Sermon: Mothers in faith

The 1992 movie Lorenzo’s Oil opens with a wonderful scene of a happy child. Soon, however, something happens to their beautiful son. Suddenly everything falls apart because something is happening to a very healthy looking son. He forgets and does not remember, shows unusual symptoms like severe tantrums and many other symptoms. Eventually he is diagnosed with ALD (adrenoleukodystrophy). All doctors they come across tell them there is no cure. His parents, especially his mother, tries to figure out how to make the sick son better against all odds. Mother’s desperation is in full display as she frantically searches for a possibility of cure with her husband.

This movie was based on the true story of the Odone family in the United States. Eventually the oil they heard about in a symposium they sponsored, now known as Lorenzo’s Oil, came to stave off the symptoms. Sadly the oil was not the cure. Lorenzo, the son, lived for 22 more years in spite of the early diagnosis that he would die within a few years. He lived in an almost vegetative state for those 22 years. If given early this oil, however, does help those who have ALD to live without symptoms developing further and help to live a life without severe symptoms. Because of the effort of Lorenzo’s parents, this disease that affects 1 in 20,000 to 50,000 boys, can now be diagnosed and given treatment to live a longer and better quality life. The relentless and dedicated search for a cure by Michaela Odone in real life reminds us of the Syrophoenician woman from the Gospels.

Before we turn our ears to something more exciting, let us take a look at this passage one more time. As we begin, we need to acknowledge the contributions made by feminist theologians and scholars like Elizabeth Schussler Fiorenza for opening new ways of understanding this passage and what happens here between Jesus and the unnamed woman.

There are things that everyone recognized about this woman. She was a stranger and was not part of the people of Israel. The passage makes her estranged position ever so clearly when it states that she is a Gentile of Syrophoenician origin. In other words, she is very aware she does not belong to the people of Israel and so does everyone else. She has no standing in the Jewish world. Therefore, she has no claim on Jesus and his ministry. At the same time, she is a female in the male dominated world in her time. Yes, she is twice removed from Jesus to begin with in this way, as an outsider and as a woman.

By the time we come to this passage, Jesus has already cured many sick people. One notable healing has to do with a woman who was bleeding for 12 years. She thought to herself that if she simply touched Jesus’ cloak, she would be made well. After she touched him, Jesus waited until she revealed herself as the one who touched him. Jesus praised her for her faith in front of everyone. This sign of God’s kingdom at hand was happening every time Jesus healed someone who belonged to the tribes of Israel. Jesus has shown a great deal of compassion to the people of Israel. In earlier parts of Gospel Mark, Jesus has already spoken about how he came for the lost ones of Israel as he does in this passage. As some scholars, especially Walter Brueggemann and Elizabeth Schussler Fiorenza, note, up until this point in his ministry, much of Jesus’ activities were confined to the people of Israel. They point out how the feeding of five thousand having twelve baskets full of leftovers and other miracles showed that Jesus was doing his ministry with the Jews.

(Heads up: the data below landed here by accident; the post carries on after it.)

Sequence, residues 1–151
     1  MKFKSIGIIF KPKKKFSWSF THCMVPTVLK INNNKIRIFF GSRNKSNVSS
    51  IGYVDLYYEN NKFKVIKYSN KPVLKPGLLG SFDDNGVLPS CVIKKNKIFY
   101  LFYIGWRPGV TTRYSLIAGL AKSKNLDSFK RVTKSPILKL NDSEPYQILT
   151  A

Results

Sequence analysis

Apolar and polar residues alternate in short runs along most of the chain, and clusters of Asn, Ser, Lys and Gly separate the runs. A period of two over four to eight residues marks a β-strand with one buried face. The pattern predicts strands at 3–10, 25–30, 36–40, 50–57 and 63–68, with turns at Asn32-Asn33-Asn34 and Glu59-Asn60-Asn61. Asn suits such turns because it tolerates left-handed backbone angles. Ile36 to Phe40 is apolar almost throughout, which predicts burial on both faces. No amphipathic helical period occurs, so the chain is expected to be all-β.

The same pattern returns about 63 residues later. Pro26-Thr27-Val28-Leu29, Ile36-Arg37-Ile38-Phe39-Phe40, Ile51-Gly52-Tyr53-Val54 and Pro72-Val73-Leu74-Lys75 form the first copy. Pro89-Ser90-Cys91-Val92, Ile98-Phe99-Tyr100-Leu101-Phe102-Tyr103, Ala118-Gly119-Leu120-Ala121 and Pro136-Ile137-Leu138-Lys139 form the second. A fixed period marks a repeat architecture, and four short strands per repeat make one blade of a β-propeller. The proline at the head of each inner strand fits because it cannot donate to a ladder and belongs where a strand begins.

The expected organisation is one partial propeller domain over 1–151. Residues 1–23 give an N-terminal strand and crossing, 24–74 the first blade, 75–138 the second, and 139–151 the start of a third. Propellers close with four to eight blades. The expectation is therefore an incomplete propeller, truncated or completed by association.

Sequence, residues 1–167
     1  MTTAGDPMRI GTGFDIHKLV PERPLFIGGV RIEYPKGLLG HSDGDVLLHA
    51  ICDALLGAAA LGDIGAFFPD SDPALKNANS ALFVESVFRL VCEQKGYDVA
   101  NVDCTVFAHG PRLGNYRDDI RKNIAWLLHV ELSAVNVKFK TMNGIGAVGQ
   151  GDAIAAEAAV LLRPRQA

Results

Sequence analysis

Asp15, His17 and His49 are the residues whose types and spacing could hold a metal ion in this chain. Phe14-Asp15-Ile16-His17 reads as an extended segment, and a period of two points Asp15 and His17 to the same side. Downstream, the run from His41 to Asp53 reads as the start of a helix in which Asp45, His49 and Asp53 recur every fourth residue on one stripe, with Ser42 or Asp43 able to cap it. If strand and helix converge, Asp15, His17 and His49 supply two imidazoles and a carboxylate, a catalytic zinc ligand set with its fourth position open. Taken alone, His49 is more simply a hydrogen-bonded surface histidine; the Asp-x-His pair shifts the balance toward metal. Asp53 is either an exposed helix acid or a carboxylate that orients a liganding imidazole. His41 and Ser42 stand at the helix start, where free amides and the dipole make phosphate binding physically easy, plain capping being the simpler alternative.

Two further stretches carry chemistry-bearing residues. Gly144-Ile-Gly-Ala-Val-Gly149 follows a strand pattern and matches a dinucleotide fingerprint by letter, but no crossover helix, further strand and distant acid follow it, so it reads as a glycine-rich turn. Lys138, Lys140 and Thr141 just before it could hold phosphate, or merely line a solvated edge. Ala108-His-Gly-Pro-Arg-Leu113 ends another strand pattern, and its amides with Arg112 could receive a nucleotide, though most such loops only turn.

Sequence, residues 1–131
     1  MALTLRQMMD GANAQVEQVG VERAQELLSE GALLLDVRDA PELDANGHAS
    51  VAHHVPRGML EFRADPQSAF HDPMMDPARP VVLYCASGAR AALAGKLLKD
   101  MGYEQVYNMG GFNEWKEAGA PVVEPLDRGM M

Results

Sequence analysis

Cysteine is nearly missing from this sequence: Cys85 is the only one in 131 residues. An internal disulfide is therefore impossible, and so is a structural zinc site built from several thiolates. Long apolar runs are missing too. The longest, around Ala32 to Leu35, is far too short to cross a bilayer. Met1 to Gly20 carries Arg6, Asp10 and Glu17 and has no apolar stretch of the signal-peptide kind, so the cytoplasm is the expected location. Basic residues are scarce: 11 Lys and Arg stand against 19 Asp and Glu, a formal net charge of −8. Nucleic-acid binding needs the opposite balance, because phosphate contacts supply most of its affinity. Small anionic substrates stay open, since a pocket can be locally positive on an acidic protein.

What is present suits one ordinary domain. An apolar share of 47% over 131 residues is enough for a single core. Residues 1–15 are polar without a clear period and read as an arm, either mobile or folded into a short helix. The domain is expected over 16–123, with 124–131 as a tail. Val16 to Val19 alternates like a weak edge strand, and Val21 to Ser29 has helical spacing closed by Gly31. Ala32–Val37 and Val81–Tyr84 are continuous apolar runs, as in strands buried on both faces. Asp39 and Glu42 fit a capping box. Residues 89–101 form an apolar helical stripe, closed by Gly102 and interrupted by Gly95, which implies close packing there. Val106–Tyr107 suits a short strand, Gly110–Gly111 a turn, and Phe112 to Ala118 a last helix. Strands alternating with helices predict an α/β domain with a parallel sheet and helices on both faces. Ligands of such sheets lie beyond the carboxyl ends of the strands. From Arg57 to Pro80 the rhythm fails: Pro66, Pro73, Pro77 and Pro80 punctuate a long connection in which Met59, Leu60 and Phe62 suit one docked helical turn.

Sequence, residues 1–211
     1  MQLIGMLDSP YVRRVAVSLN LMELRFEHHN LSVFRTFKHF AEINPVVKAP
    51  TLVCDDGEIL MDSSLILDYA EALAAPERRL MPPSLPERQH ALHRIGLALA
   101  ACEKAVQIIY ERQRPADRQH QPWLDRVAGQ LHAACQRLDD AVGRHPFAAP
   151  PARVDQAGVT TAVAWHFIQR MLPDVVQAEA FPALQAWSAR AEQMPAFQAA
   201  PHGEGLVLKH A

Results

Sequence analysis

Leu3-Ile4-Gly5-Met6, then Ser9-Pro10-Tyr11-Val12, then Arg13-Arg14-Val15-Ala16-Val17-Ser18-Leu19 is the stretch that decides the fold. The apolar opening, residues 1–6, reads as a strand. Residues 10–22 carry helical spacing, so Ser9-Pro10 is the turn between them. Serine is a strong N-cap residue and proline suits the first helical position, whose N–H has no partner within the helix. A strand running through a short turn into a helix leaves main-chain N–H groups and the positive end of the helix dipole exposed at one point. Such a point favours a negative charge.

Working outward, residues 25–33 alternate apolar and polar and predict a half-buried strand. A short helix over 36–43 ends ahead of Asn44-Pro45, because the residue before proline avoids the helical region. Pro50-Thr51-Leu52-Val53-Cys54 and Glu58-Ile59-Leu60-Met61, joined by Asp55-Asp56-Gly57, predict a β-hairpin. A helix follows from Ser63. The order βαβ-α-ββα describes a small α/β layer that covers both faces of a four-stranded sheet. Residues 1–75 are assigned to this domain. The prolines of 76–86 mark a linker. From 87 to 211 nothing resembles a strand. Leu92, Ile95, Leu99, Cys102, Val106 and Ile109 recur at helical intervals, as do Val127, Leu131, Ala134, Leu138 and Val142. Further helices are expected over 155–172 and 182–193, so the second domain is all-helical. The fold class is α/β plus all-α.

Just prior to this passage, however, Jesus begins to get rejected by leaders of Israel and is facing more and more roadblocks. At this point in his ministry, this stranger, the unnamed woman of outsiders, comes to Jesus and carries on this very odd conversation. More so than Jesus, it is this woman from Syrophoenician origin who is crossing the traditional boundaries and coming to Jesus. Fiorenza points out that as a gentile woman, this person before Jesus is facing the prejudice for being an outsider as well as a woman stepping into the world where men are considered important and dominant over women.

We are told that she heard about Jesus. Knowing what her daughter needed, because she wanted what was best for her daughter, she came forward. She bows down at his feet. She blocks Jesus from continuing on his way. She musters her courage, not for herself, but for her daughter’s sake. This is a daring move. She can easily be pushed aside, stepped aside, or turned away. Her bold action is so that her child can have a new life, not the debilitating one that has been haunting her. It is a mother's love for her child that forces this bold move. Her child’s future is in her hand. So she bows in front of Jesus disturbing him.